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The rapid social change in the East Asia has brought great research attention on the family, education and political impacts. The growth trajectory of the next generation is exposed to an entirely different context owing to the dual effects of traditional and modern values as well as practices. This book provides an overall picture of the developmental trajectory of Taiwanese youth as a typical example in the region. The time frame is set from early adolescence (13years old) to young adulthood (22yeard old). Individual psychological well-being in its broad definition will be used as the outcome indicator to reflect significant developmental processes during this important transitional life course. Benefitted from the rare panel datasets conducted from 2000-2009, this book has two major focuses: one is to explore the interplay among family, school and community with regard to their influence on the individual growth patterns; the other is to highlight the potential constraint and/or strength of the prevailing social norms and values shared among East Asian societies. To be specific, different chapters will describe and analyze the life chances and growth patterns among youth with different social capitals (including family SES, educational achievement, rural-urban residence, etc.). Their short-term versus long-term outcome, as indicated by various psychological well-being variables (e.g., depressive symptoms, deviant or problem behaviors, happiness, edutional performance), will allow us to delineate the particular structural context that individual East Asian youth encounters and to offer constructive suggestions on family interaction, educational strategy as well as health related policies based on the scientific evidence. This book incorporates comparative reports from other East Asian societies, and from youth panel studies of Australia and the U.S.. The experience of their counter-part in the advanced societies will contribute to readers' understanding of the particular social situation that East Asian youth is embedded in the growth process. In addition, comparative perspective will enable the reader to contemplate on the potential future development of the affluent generation in the region. Since changing social structure occurred in the last few decades in the East Asia has suffered inadequate investigation in the realm of family, education and community, this book provides timely information to fill up the gap. Analyses of the valuable dataset from early adolescents to young adults will attract those who are interested in family researches, in youth studies, in panel data analyses, as well as in the social development in Taiwan and in East Asia.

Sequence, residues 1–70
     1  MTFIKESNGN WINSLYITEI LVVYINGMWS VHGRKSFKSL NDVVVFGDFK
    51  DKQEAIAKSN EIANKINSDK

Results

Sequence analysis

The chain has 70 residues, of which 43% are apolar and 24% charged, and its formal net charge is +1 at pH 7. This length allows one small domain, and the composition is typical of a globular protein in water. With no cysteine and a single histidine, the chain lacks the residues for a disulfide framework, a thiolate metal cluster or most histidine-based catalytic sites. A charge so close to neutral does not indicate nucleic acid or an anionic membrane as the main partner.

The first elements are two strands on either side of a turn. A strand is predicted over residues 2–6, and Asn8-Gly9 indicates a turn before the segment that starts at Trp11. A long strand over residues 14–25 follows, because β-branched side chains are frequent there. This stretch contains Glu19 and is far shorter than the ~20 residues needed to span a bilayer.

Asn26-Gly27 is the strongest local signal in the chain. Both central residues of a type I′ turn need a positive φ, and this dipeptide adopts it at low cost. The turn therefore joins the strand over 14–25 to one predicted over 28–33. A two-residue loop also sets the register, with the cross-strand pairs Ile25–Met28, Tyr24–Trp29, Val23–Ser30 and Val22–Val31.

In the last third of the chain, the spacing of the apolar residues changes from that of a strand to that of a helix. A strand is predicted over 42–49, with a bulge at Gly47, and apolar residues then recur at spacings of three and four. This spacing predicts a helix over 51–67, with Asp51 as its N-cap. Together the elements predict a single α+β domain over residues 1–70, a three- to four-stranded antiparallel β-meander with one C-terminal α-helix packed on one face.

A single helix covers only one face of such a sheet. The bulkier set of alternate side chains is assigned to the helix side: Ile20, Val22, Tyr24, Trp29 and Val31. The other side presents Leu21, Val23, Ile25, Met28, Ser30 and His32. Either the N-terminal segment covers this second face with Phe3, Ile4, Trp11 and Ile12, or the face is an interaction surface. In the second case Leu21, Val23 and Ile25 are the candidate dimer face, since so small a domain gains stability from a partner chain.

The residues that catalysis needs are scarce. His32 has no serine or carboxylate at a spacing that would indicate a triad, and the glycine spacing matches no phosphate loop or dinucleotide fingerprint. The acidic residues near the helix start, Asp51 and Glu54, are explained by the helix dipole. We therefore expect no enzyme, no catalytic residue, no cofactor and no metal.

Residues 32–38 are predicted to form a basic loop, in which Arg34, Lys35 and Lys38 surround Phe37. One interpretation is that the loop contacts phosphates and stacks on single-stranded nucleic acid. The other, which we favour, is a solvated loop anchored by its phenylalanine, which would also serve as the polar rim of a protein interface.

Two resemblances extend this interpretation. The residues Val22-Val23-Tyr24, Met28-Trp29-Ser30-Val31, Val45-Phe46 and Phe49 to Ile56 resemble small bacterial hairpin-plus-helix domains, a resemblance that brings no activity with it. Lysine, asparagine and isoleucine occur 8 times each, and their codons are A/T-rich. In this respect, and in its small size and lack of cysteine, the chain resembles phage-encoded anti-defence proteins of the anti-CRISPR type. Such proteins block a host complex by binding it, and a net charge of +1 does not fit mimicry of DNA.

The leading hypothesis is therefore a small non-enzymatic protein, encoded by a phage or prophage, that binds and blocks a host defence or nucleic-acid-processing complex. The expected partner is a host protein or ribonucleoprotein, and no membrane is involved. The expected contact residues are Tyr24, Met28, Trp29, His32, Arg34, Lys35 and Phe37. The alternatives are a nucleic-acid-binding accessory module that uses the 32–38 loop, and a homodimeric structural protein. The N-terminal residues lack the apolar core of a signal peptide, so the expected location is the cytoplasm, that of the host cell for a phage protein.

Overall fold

About the Author
Chin-Chun Yi is a research fellow at the Institute of Sociology, Academia Sinica, Taiwan and teaches a graduate seminar at the Department of Sociology, National Taiwan University. She received her Sociology degrees of B.A. from National Taiwan University, M.A. from University of Wisconsin-Milwaukee, and Ph.D. from the University of Minnesota (1981). Dr. Yi's recent research projects include Family Change and Female's Domestic Status in Three Chinese Societies (1994-2002), The Intergenerational Transmission of Value of Children in Taiwan (2004-2007), Taiwan Youth Project: The Interplay of Family, School and Community (2000-2008) where she serves as the principal investigator and leads teams composed of researchers of different ranks. Chin-Chun Yi has been an active member of the ISA since 1990, and has served in the board of Committee on Family Research (RC06) from 1992-2006 (the vice president 2002-2006). Dr. Yi organized several successful International Conferences on family (1993 and 2003 for RC06) and on youth studies (2004, 2008, 2009). She also serves in the editorial board as well as the guest editor for International Sociology, Journal of Comparative Family Studies, Journal of Family Issues, Current Sociology and others. In addition to her academic work, Dr. Yi was appointed the Commissioner and honorary advisor for Taiwan Provincial Government from 1994-1998 when she initiated and established the child protection program in Taiwan. Over her career, Chin-Chun Yi has actively participated in professional services in domestic as well as in Asian academic institutes. She is frequently invited to give advice to Ministry of Education, Ministry of Interior and several NGOs in Taiwan.